Top Performers – Special Teams: Trevor Pardula, P/K, Jr., 6-5, 212, San Jose, Calif. Pardula punted six times for 278 yards, turning in a 47.8 yards per punt average. He recorded a career long punt of 59 yards and also dropped two punts inside the 20-yard line. Additionally, Pardula kicked off for the Jayhawks—notching touchbacks on all three of his kickoffs.
It’s Not You, It’s Me Kansas junior cornerback Dexter McDonald has made breaking up look easy – passes anyway. Through two games the Kansas City, Mo., native has five break-ups, including three at Rice. Coupled with his first career interception against the Owls, McDonald leads the Big 12 Conference and is tied for the national lead with San Jose State’s Bene Benwikere in passes defended with 3.0 per game. McDonald has been a key component to the Jayhawks’ pass defense, which ranks third nationally in passing yards allowed per game (122.5) and second in team passing efficiency defense (75.70).
|1.||Dexter McDonald (KU)||2||5||1||6||3.0|
|Bene Benwikere (SJSU)||2||5||1||6||3.0|
|3.||2. Stanley Jean-Baptiste, NU||3||4||3||7||2.3|
|Lorenzo Doss, (Tulane)||3||5||2||7||2.3|
|D’Joun Smith (FAU)||3||6||1||7||2.3|
|Tim Bennett (IU)||3||7||0||7||2.3|
Turning the Tide on Defense Kansas’ pass defense comparison to two-time defending National Champ Alabama didn’t last very long, but it wasn’t the Jayhawks moving down the list. Kansas was runner-up a week ago in the national rankings for fewest passing yards allowed per game and remained in the top five while the Crimson Tide fell to No. 92. Kansas hasn’t faced a Heisman contender, but the Jayhawks are a much improved unit and rank third at 122.5 yards per game, behind Washington State (99.7) and Virginia Tech (106.3). KU limited South Dakota to 67 yards through the air in the season-opener, the best passing defensive effort since allowing just 66 yards passing to K-State on Nov. 7, 2009. Kansas’ pass defense continued to look sharp in game two as the Jayhawks picked off two passes and combined for nine pass break-ups, while limiting Rice to 178 yards and no touchdown passes. Last season, KU surrendered a program worst 289.2 passing yards per game and has allowed 220 yards per game or more in each of the last nine seasons. Kansas’ largest, single-season improvement in pass defense was 85.4 yards from 1973 to 1974, a little more than half of the difference (166.7) from last year to the current tally through two games.
Fear the Beard Ben Heeney’s career-best 18 tackles against Rice helped push the junior up the Big 12 and national tackling charts. Heeney’s 11.0 tackles per game are tied for the Big 12 lead and rank tied for 12th nationally. The 18 tackles were the most since current Denver Broncos linebacker Steven Johnson recorded 18 tackles against Texas Oct. 29, 2011, and earned Heeney honorable mention among linebackers by the College Football Performance Awards on Monday. Heeney, KU’s top returning tackler and 2013 Rotary Lombardi Award watch list member, burst onto the scene in 2012 with 112 tackles in his first season as a starter for the Jayhawks. His tally included 66 solo stops and he led KU with 12.0 tackles-for-loss with one sack. Heeney earned second team All-Big 12 honors following the 2012 season from the conference coaches, the Associated Press and Phil Steele Magazine. He was listed as a preseason first team All-Big 12 member entering the 2013 season by Athlon, Lindy’s and The Sporting News. Additionally, Heeney was named to the College Football Performance Awards watch list for the top linebacker in the NCAA.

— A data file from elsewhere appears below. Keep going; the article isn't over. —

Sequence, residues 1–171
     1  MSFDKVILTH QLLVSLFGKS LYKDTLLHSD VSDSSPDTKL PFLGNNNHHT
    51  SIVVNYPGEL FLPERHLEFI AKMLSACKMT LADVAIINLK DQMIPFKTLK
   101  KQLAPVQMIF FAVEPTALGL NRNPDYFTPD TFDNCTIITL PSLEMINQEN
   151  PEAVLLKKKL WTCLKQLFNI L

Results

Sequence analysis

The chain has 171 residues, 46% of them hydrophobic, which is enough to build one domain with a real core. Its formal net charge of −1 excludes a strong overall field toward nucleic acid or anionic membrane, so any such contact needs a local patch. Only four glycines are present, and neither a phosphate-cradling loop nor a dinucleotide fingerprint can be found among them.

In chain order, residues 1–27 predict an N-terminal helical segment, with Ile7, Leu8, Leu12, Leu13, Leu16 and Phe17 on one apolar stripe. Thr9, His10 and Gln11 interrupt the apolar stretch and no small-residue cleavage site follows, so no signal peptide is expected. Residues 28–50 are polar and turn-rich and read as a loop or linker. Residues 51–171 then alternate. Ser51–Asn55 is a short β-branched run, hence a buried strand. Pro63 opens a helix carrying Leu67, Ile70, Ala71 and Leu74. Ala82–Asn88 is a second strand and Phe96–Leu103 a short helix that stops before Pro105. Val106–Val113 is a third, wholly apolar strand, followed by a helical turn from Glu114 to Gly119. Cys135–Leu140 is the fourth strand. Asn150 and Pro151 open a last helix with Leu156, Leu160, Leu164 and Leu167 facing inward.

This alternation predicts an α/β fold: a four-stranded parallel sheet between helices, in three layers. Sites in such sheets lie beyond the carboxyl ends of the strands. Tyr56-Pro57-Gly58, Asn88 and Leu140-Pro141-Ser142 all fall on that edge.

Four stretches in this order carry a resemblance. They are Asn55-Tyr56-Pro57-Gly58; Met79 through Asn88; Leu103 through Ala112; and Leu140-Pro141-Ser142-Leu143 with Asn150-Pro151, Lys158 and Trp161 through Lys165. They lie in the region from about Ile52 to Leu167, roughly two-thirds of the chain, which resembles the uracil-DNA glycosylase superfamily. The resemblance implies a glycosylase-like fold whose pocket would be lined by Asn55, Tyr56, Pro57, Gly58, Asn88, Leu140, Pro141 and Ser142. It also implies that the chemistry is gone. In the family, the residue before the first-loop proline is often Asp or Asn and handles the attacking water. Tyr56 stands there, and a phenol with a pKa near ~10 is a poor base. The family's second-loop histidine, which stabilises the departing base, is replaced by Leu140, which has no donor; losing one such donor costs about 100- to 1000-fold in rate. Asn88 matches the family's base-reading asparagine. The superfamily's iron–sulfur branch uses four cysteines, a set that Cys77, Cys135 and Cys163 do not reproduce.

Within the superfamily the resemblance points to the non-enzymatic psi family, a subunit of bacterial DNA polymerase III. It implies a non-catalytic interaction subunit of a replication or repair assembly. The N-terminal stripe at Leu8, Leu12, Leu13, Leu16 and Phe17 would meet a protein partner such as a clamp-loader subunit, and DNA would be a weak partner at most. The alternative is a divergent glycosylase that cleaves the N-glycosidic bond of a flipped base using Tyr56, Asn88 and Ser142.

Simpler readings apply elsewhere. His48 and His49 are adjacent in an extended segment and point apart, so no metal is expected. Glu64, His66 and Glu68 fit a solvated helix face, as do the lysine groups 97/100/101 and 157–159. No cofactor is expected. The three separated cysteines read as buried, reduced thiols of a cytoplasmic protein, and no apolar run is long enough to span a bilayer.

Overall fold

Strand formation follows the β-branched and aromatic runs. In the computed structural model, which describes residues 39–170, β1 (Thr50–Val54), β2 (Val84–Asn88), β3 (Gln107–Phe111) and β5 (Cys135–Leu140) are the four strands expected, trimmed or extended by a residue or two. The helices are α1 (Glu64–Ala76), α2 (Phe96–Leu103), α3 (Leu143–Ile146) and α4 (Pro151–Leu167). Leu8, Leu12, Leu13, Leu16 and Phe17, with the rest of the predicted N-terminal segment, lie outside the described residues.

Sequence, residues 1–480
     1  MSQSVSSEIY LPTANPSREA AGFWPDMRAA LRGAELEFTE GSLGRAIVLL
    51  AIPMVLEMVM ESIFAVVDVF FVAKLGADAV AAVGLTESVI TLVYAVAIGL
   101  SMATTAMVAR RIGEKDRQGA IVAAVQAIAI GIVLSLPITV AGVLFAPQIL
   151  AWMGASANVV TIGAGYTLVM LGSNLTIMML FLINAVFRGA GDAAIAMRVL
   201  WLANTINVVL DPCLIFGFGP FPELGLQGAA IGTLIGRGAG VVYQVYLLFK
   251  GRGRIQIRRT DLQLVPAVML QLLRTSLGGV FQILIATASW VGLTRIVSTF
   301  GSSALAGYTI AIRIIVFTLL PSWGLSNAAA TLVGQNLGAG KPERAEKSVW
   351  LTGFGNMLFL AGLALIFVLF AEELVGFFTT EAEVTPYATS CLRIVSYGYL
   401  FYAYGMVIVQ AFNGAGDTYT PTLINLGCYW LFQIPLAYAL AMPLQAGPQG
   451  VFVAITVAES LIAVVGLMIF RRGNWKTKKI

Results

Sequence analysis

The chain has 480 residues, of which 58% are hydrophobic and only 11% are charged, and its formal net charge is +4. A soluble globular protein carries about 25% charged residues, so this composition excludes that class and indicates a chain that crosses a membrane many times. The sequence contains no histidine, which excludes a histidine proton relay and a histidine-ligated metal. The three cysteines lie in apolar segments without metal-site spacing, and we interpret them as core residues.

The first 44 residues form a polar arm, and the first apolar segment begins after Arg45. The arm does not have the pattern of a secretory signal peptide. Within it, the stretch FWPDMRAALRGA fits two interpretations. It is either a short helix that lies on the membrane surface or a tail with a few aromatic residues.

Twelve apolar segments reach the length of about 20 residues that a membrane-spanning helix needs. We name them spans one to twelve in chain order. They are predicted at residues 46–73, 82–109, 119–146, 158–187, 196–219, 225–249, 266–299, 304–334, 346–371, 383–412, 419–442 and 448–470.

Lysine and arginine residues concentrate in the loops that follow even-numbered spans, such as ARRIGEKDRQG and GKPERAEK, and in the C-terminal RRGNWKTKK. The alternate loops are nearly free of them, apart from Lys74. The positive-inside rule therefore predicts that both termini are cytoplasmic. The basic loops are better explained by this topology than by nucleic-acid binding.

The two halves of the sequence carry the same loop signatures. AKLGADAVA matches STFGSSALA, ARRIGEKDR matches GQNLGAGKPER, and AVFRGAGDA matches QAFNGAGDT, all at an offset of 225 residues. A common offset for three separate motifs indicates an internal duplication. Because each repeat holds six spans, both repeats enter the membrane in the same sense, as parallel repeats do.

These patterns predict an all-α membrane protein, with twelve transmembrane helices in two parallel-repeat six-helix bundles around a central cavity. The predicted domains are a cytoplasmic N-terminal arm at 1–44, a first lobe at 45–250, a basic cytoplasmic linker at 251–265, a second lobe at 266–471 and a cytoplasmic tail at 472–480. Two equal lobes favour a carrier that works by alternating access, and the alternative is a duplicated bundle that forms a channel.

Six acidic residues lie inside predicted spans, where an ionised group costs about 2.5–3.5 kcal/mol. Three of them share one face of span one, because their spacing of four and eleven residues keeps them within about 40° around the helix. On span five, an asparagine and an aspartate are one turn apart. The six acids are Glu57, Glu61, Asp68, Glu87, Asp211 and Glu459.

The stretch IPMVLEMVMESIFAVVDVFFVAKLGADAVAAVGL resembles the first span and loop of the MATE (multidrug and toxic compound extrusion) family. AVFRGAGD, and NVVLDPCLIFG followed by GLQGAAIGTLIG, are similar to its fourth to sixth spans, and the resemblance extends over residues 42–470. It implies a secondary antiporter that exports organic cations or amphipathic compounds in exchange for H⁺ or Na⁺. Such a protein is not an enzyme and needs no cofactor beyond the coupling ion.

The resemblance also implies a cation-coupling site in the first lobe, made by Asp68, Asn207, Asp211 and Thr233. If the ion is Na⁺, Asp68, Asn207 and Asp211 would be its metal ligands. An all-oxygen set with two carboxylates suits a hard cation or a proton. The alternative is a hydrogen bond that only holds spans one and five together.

Developing a Pass Rush Kansas has recorded back-to-back games with three sacks and reaching back to the final game of 2012, the team has logged three sacks in three consecutive games. That number ties the team’s single game high from the last two seasons. Linebacker Ben Heeney has a sack in each of the first two games and Buck Michael Reynolds got to the quarterback twice against Rice. The last time KU recorded three or more sacks in consecutive games was the end of the 2010 season when KU sacked Missouri four times, then opened the 2011 campaign with three sacks against McNeese State. The last time it happened in the same season was 2009, during a three-game stretch to open the season against Northern Colorado (3 sacks), UTEP (6 sacks), and Duke (5 sacks).
Extended Range The Jayhawks have received some much needed relief in the area of special teams with the emergence of redshirt freshman kicker Matthew Wyman and junior college transfer punter Trevor Pardula. Wyman nailed a 45-yard field goal in the season opener – the longest by a Jayhawk kicker since Jacob Branstetter’s 46-yard make at Kansas State on Nov. 7, 2009. Pardula, who serves as KU’s kickoff specialist, has six touchbacks through two games and needs just one more to match last season’s entire total. Pardula booted a career-best 59-yard punt against Rice and ranks ninth in the nation in punting at 45.7 yards per punt.
The Sims KU senior running back James Sims had an outstanding 2012 season as he ranked first in the Big 12 and 17th in the NCAA in rushing yards per game. Sims also ranked third in the Big 12 and 33rd in the NCAA in all-purpose yards. Sims rushed for 100 yards or more in six games last season. After missing the first three games of the 2012 campaign, Sims eclipsed the 100-yard rushing mark in six-of-seven outings vs. Big 12 foes. In 2012, Sims recorded a career long rush of 64 yards (vs. Texas), a career-long reception of 51 yards (vs. Oklahoma) and a career-long TD run of 59 yards (vs. Baylor). Additionally, he logged his career-best rushing game with 176 yards vs. Texas. Last weekend, Sims notched his 12th career 100-yard rushing effort at Rice to tie Jon Cornish on KU’s career 100-yard games list and moved past Gale Sayers and John Riggins into fifth on the Kansas career rushing totals chart. With two touchdowns this season, Sims also moved into second on the KU career rushing touchdowns list. Here’s a look at where he ranks on those three charts:
|Sims and the KU Record Book|
|Career Rushing Yards||Att.||Yards||Avg.||TDs|
|1.||June Henley (1993-96)||823||3,841||4.7||41|
|2.||Tony Sands (1988-91)||778||3,788||4.9||28|
|3.||Laverne Smith (1973-76)||472||3,074||6.5||21|
|4.||Clark Green (2002-05)||641||2,754||4.3||13|
|5.||James Sims (2010-pres.)||603||2,685||4.5||29|
|6.||Gale Sayers (1962-64)||412||2,675||6.5||19|
|7.||John Riggins (1968-70)||518||2,659||5.1||19|
|Career Rushing Touchdowns||TDs|
|1.||June Henley (1993-96)||41|
|2.||James Sims (2010-pres.)||29|
|3.||Tony Sands (1988-91)||28|
|1.||Tony Sands (1988-91)||17|
|2.||June Henley (1993-96)||13|
|Laverne Smith (1973-76)||13|
|4.||Jon Cornish (2003-06)||12|
|James Sims (2010-pres.)||12|
|6.||Gale Sayers (1962-64)||11|